A story is told of what former Vice President Walter F. Mondale said while he watched President Jimmy Carter's stern televised public address about how important it was to conserve energy. Mondale is said to have turned to an aide and remarked, "There you see the happiest man in America." Puzzled by Mondale's remark, an aide inquired why Carter should be so happy. Mondale is said to have responded, "Because the thing he likes more than anything else is giving the American people bad news."
Whatever insight that story provides about Carter's "hair shirt" approach to the presidency, it also serves as a more general comment on the ingredients of success and failure in American political campaigns. The public balks at accepting reality. Successful candidates have always subscribed to the Mary Poppins theory of political campaigning: Just a spoonful of sugar helps the medicine go down. Recently, however, the spoons of the most promising of the hopefuls have contained mostly sugar. No politician ever finished last by pandering to the denial mechanisms of the American voter.
It is the lesson of Bruce Babbitt, Jimmy Carter's Administration and Walter Mondale's campaign in 1984, but its traces go back as far as the up-and-down career of Grover Cleveland, of whom it was said that "he was loved for the enemies he made." Still, good politics is generally winning politics; hard realities are castor oil, and the people usually gag on it. The Dr. Feelgoods of both parties had a field day in New Hampshire on Tuesday; the Mr. Hair Shirts have proved once again that they are as welcome as globe salesmen at a meeting of the Flat-Earth Society.
The Republicans can be expected to conduct a happy-talk campaign. Their approach, collectively, has been a combination of pastoral counseling and psychotherapeutic ego massage. They come off sounding like the French pop psychologist of the 1920s, Dr. Etienne Coue, whose mantra was: "Everyday in every way I'm getting better and better"--and why not? Despite ominous underlying problems, the economy buzzes along, so the GOP hopefuls style themselves after that master of inspirational uplift, President Reagan, while crossing their fingers that if they win the economic ax won't fall on their watch. They can be forgiven the almost ritualistic invocation of his name and the Kremlinesque rhetoric about how all good Republicans must follow Reagan's precepts.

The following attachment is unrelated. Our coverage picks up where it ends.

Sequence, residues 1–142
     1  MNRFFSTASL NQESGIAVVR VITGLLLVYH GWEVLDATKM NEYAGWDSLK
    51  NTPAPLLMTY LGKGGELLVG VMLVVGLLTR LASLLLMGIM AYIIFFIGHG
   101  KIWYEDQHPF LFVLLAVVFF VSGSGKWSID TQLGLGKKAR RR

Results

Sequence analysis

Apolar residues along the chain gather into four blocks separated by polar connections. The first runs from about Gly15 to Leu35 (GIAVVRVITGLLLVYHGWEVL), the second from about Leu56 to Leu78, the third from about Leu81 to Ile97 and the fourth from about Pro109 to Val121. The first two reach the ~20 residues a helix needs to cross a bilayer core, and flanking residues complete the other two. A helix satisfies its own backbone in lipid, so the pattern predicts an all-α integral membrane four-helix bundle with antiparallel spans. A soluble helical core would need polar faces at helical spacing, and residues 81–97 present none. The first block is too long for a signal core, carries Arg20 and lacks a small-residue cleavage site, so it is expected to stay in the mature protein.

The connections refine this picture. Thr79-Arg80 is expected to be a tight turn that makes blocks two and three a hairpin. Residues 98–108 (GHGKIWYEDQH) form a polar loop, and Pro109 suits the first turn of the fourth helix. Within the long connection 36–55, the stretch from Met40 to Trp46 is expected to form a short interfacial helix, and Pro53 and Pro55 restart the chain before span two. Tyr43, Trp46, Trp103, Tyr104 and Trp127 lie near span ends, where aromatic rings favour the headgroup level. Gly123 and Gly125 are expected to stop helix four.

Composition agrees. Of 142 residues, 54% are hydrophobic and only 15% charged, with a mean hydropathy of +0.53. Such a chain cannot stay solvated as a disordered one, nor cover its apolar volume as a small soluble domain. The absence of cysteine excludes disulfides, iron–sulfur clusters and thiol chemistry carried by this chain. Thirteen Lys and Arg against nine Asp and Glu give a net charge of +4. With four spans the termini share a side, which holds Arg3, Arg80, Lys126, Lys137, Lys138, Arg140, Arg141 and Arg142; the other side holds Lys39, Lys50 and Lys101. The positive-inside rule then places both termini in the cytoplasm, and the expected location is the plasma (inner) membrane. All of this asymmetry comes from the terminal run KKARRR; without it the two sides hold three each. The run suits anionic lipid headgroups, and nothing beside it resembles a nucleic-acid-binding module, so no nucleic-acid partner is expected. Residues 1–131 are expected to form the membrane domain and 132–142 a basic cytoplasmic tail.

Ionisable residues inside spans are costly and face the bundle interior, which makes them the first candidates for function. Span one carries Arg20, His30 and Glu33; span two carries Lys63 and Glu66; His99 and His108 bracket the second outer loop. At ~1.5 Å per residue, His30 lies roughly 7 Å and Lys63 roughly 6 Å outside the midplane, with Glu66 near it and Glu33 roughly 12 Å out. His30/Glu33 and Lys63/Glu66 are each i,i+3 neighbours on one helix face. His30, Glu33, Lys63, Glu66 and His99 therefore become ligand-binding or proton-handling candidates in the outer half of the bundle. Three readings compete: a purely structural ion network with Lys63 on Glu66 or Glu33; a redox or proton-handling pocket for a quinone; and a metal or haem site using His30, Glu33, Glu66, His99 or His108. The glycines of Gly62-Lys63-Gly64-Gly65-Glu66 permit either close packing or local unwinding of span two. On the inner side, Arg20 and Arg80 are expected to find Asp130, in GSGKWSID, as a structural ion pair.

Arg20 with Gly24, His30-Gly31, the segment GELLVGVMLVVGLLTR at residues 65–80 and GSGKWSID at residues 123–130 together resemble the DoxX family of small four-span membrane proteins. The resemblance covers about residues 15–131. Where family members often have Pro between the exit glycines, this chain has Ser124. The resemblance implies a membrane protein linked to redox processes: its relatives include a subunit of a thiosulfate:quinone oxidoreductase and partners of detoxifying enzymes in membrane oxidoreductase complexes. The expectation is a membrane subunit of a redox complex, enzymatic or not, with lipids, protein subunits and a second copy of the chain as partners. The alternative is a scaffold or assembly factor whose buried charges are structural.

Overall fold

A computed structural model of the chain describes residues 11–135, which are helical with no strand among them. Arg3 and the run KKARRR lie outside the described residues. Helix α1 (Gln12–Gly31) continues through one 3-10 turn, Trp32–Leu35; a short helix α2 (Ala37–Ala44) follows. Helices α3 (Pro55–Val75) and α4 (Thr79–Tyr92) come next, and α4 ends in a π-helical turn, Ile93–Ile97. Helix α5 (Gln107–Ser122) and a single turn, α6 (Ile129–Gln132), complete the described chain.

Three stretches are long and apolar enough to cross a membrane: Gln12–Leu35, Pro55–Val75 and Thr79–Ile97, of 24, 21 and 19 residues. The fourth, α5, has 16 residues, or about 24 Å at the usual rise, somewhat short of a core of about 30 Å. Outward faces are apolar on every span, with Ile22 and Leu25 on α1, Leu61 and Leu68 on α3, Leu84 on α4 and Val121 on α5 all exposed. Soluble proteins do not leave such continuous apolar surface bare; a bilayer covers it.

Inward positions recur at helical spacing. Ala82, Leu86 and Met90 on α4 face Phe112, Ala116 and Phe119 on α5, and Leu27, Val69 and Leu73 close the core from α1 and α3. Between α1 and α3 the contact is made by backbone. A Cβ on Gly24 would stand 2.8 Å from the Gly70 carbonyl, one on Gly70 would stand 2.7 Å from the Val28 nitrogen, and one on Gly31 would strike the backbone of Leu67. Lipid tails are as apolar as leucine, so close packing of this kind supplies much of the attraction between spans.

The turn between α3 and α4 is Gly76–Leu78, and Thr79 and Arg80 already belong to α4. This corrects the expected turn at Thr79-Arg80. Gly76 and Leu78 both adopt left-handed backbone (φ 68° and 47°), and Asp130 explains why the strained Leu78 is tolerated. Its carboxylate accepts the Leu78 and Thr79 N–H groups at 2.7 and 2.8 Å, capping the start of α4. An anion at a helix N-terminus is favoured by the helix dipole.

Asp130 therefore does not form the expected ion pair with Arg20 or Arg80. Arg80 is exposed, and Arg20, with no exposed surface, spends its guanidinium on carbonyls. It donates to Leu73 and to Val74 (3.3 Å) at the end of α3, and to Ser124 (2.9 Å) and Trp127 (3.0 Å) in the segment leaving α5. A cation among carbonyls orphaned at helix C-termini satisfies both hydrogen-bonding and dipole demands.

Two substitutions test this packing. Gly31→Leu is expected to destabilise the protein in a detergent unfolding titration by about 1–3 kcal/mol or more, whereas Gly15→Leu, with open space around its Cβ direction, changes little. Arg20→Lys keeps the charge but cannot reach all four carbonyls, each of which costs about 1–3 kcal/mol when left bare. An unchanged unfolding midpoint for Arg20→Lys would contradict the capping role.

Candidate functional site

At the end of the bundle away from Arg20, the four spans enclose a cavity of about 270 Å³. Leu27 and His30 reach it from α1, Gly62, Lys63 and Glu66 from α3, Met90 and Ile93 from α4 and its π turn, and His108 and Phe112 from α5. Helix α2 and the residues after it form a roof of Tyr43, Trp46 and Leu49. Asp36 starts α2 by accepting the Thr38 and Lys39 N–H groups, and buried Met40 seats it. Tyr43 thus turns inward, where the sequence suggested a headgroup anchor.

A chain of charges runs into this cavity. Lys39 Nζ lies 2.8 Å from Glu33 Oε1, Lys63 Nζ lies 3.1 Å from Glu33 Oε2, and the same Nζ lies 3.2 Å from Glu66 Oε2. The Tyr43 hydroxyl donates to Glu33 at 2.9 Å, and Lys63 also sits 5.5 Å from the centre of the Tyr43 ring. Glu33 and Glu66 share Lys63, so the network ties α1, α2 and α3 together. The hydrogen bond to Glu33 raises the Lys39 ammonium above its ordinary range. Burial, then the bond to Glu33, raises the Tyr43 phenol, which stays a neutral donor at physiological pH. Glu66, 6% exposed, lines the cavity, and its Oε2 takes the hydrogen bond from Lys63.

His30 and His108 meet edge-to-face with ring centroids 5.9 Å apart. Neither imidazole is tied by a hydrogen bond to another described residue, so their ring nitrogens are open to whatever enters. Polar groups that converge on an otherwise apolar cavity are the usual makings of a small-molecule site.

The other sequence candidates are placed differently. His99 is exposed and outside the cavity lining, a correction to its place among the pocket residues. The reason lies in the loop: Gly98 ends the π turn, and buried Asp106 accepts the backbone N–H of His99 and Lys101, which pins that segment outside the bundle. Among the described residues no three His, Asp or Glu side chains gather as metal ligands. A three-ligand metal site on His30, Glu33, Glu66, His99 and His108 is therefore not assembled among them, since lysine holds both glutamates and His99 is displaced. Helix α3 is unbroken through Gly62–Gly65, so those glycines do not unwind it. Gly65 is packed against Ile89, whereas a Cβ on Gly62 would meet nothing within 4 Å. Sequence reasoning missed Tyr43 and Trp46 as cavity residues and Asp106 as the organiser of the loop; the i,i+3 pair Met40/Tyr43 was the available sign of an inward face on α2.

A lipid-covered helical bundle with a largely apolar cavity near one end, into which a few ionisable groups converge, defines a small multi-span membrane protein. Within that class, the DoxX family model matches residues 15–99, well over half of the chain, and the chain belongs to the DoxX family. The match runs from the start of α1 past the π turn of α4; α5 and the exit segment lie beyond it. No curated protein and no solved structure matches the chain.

It is less easy to forgive the Democrats who give us a kind of goulash Reaganomics. The Democratic Feelgoods, unlike their GOP counterparts, are bold and impassioned in their diagnoses of our ailments (deficits, problems with our trading partners, lack of educational opportunity or the plight of the homeless), but their remedies are so much snake oil. The most outrageous nostrums typically come from those with the best chance of securing the nomination. From Michael S. Dukakis, the winner in New Hampshire, we get the Grace Commission report in easy-to-swallow coated Democratic caplets. The deficit will be closed by attacking the pestilential trio of waste, fraud and abuse. That, and the addition of a legion of certified public accountants assigned to the Internal Revenue Service, will mop up tax cheats in the manner of Kaopectate attacking intestinal bacteria.
Dr. Richard A. Gephardt's pick-me-up is tariff therapy that is based on the dubious homeopathic principle that you cure protectionism with more protectionism. Gephardt's magic-bullet cure for the federal deficit is the oil-import fee, which will undoubtedly help him in Texas but for much of the East Coast is the economic equivalent of leeching and cupping.
Paul Simon, who lagged in third place in New Hampshire, urges on his patients the quack elixir of the balanced-budget amendment while at the same time making extravagant vows to upgrade education and medical care. Simon's approach evokes memories of Hollywood producer Sam Goldwyn's admonition to his employees: Spare no expense to make everything as economical as possible.
Why do political candidates persist in this morally dubious practice that insults the intelligence of voters by reassuring them that complicated and intractable problems can either be ignored or simply dosed with palliatives? After all, would a critically ill patient choose a physician for his bedside manner or for his therapeutic skill? History demonstrates that unctuous and even wrongheaded reassurance wins out consistently over unwavering bluntness.
Franklin D. Roosevelt exceeded Republican President Herbert Hoover in 1932 in balanced-budget rhetoric, promising not only a 25% reduction in federal spending but retaliatory tariffs as well. F.D.R., to his credit, was probably sincere about his support for these policies that would have proved disastrous had he actually carried them out.
With the current crop of Democratic hopefuls, there is more than a hint of opportunism and even disingenuousness. But since the Democrats remain long shots in the general election, they will probably never be called on to test their specious therapies. If the economy takes sick between now and November, the voters will turn to them anyway because in a two-party system you always know where to go for a second opinion.